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Hoffmann, R. A wiki for the life sciences where authorship matters. Nature Genetics (2008)

Amine oxidases from Aspergillus niger: identification of a novel flavin-dependent enzyme.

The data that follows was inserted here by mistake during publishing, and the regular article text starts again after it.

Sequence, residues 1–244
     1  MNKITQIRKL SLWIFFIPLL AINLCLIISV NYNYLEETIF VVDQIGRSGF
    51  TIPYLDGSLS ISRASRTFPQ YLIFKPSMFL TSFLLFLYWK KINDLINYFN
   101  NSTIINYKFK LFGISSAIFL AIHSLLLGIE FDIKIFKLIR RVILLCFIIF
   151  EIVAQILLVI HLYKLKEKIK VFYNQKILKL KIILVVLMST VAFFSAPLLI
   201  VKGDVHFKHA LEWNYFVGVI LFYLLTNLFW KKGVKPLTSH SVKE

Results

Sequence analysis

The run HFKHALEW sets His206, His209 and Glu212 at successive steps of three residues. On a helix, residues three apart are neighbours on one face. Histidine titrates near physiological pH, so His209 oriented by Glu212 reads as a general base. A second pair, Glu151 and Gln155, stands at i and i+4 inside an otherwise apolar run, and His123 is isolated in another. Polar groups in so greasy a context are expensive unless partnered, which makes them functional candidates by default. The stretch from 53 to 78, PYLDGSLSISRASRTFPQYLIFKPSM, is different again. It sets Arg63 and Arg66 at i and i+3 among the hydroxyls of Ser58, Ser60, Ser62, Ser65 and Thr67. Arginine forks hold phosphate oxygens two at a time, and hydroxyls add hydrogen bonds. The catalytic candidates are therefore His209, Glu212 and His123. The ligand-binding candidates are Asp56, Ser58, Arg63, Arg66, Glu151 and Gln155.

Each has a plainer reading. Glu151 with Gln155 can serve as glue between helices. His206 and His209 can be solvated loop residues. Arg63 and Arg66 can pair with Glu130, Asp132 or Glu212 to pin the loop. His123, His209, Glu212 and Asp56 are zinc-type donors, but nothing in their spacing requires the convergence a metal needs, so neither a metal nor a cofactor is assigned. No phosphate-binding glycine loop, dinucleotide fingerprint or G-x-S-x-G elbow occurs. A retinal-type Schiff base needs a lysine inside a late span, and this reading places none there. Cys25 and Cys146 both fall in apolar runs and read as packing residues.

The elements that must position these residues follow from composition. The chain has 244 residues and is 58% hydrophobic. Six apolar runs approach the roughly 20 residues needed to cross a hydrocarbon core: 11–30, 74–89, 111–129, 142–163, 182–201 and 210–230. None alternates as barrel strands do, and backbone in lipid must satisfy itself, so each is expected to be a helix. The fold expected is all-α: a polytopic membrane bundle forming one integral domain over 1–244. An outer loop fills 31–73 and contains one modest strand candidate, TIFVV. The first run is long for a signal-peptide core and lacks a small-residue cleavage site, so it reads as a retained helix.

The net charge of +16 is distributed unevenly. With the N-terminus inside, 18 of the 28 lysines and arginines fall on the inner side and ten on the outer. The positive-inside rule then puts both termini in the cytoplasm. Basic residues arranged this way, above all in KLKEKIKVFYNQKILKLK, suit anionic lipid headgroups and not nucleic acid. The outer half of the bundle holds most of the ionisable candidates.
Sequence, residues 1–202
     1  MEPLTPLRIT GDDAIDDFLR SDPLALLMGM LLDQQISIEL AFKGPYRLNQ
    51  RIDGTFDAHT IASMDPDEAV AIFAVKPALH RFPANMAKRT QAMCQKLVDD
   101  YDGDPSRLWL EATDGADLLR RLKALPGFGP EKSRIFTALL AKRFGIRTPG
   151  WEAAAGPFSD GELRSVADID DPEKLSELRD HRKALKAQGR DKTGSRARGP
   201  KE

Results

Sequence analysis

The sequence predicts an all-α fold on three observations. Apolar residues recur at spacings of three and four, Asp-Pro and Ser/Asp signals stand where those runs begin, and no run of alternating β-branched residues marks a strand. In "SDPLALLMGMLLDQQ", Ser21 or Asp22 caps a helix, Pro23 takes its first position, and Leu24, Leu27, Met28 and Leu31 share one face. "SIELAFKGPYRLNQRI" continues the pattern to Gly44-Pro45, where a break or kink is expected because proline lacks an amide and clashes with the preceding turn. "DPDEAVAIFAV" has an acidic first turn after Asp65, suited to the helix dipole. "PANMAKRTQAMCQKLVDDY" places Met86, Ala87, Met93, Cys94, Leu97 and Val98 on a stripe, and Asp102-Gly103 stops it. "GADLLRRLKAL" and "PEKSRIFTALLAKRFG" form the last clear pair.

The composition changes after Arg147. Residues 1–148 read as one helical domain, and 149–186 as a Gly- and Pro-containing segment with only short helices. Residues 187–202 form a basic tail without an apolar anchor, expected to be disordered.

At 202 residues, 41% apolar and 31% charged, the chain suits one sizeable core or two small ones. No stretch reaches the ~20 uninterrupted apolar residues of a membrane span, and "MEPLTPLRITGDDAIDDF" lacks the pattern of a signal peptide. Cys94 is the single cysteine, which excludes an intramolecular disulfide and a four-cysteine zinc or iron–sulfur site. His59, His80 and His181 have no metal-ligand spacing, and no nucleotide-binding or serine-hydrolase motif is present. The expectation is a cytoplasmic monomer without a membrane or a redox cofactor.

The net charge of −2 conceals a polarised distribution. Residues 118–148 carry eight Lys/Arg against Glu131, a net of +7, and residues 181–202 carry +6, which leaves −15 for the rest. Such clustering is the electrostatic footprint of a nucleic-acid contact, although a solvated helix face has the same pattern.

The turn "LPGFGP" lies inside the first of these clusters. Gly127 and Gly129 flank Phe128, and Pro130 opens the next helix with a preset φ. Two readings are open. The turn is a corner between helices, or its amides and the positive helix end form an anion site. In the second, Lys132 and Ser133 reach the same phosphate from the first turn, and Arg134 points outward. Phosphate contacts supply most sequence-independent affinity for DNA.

Upon induction with various amine sources, two different amine oxidases are expressed in the filamentous fungus Aspergillus niger. The enzymes which can be separated by anion exchange chromatography exhibit a similar substrate specificity pattern. From cofactor and inhibitor analysis it was found that one amine oxidase is identical to the earlier reported copper-containing amine oxidase (Yamada, H., Adachi, O. and Ogata, K. (1965) Agric. Biol. Chem. 29, 912-917) with 6-hydroxydopa (TOPA) quinone as the active site cofactor. The second form is a hitherto unknown flavoprotein of 55 kDa, which shows many of the characteristic properties of the mammalian monoamine oxidases (MAO). From substrate specificity and inhibitor susceptibility, it is suggested that the monoamine oxidase from A. niger (MAO-N) is a prototype of the two mammalian enzymes, MAO-A and MAO-B. A partial cDNA clone which encodes an amino-terminal peptide of 53 amino acid residues was identified by lambda gt11 immunoscreening. The consensus sequence of the putative flavin adenine dinucleotide (FAD) binding site is found within this sequence.[1]


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